He champions science, but fears its potential in “23 Roads To Hell” about Crick & Watson’s DNA, “Where Knowledge Falters” for Darwin, a “Sonnet For H2O” about life’s origins as a sea-borne ‘weeping fuse of slime’, then attacks the make-over cult of plastic surgery as ‘mad greedy fools with steel scalpels’. He even gets to rhyme ‘know not’ with ‘robot’. Because his poems all rhyme, they use traditional verse and metre structure, they are direct and narrative. They can be effective, in “White Vase” about Hitler’s suicide, ‘two figures on a sofa side by side’ (delivered with an electronic pulse soundtrack), and “Who Was The Better Man” – a competing dialogue for dead friend and fellow ‘Oz’ veteran Jon Goodchild. You might have reservations about his forthcoming customised Nursery Rhymes project, until he reads “The House That Crack Built” about his period of cocaine dependency. Less convincing are the poor little rich boy regrets, of sacrificing ‘the fawn’ of love for ambition. The mansions with room enough to lose yourself in. The pain of firing staff (in “Downsizing”). This is the man who once turned up at Marylebone Magistrate Court dressed in a school uniform. A man whose genitals have been sketched by David Hockney. A man who once chanted ‘die die’ to David Frost and then shot him live on TV – with a waterpistol. A man once articulately defended at the Old Bailey by John ‘Rumpole’ Mortimer QC. Now his poems spoof ‘all the young dudes, grown old,/ hair a whiter shade of pale,/ memories a purple haze,/ getting limp instead if laid’.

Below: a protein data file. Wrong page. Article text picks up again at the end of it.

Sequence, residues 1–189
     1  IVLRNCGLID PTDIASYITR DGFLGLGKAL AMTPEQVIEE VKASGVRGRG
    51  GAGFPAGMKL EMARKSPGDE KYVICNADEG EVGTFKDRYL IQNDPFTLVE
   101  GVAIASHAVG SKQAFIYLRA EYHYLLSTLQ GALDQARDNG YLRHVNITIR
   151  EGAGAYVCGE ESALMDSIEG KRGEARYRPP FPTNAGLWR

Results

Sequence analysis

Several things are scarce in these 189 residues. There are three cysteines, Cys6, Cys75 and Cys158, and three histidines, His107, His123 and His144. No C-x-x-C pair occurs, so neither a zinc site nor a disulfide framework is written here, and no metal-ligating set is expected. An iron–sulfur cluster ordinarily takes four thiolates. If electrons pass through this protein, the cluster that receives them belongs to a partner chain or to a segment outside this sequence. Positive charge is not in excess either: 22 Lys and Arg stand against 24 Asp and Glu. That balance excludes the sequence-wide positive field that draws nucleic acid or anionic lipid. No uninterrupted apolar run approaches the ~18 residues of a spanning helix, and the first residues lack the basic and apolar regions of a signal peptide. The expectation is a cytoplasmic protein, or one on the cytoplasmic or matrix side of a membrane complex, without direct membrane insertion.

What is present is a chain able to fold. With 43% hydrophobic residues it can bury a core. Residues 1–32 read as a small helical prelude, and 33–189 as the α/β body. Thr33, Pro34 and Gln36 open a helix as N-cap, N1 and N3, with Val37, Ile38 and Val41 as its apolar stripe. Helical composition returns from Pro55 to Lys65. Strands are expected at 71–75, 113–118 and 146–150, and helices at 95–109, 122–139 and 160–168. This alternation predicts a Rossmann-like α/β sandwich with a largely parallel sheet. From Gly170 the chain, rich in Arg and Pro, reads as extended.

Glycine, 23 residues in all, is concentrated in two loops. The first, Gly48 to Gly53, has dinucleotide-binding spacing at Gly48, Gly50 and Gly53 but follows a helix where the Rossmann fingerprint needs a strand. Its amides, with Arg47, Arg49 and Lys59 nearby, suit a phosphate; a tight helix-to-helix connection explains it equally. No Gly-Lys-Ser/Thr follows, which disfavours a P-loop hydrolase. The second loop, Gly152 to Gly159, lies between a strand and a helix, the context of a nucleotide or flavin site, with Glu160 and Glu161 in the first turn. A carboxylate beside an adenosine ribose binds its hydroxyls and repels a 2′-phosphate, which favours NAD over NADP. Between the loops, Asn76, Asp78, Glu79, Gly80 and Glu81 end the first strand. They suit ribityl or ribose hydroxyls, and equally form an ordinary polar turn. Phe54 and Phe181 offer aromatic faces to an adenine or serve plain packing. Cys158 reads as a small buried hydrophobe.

Can a poet BUY Literary credibility? Felix Dennis sings, he shouts, he emotes, his voice dips into a curiously Ben Elton gruffness for emphasis. But take away the choice of French red or white wine, the four screens (two live blow-ups, one running tie-in video, another scrolling the poems line-by-line), the podium decked out with his own lyncanthrope image, the mike and spots, the name-drops to Melvyn Bragg, Sean Bean, Courtney Love, beam him down to read a twenty-minute slot to thirty people in a grimy room over a pub… and there’s stuff here that would still work – his ‘Friends Reunited’ poem “On Attending A Reunion” written just four hours earlier, his Blues For Robert Johnson (‘I sat last night in Soho / blues falling down like hail’). Perhaps – unlike the Sancerre Blanc 2003 Domaine Vacheron, it’s only sour grapes that makes you suspicious. Perhaps, in an ideal world, new poetry would be promoted with all the razzamatazz of a Pop CD. Just that you leave wondering, how much of that good response is really down to the free wine…?



Visit:- www.felixdennis.com for more insights, and
details including video-footage of the tour

Published in:
‘TEARS IN THE FENCE no.40: Spring’
(UK – April 2005)
visit the excellent
‘TEARS IN THE FENCE’ at  http://tearsinthefence.com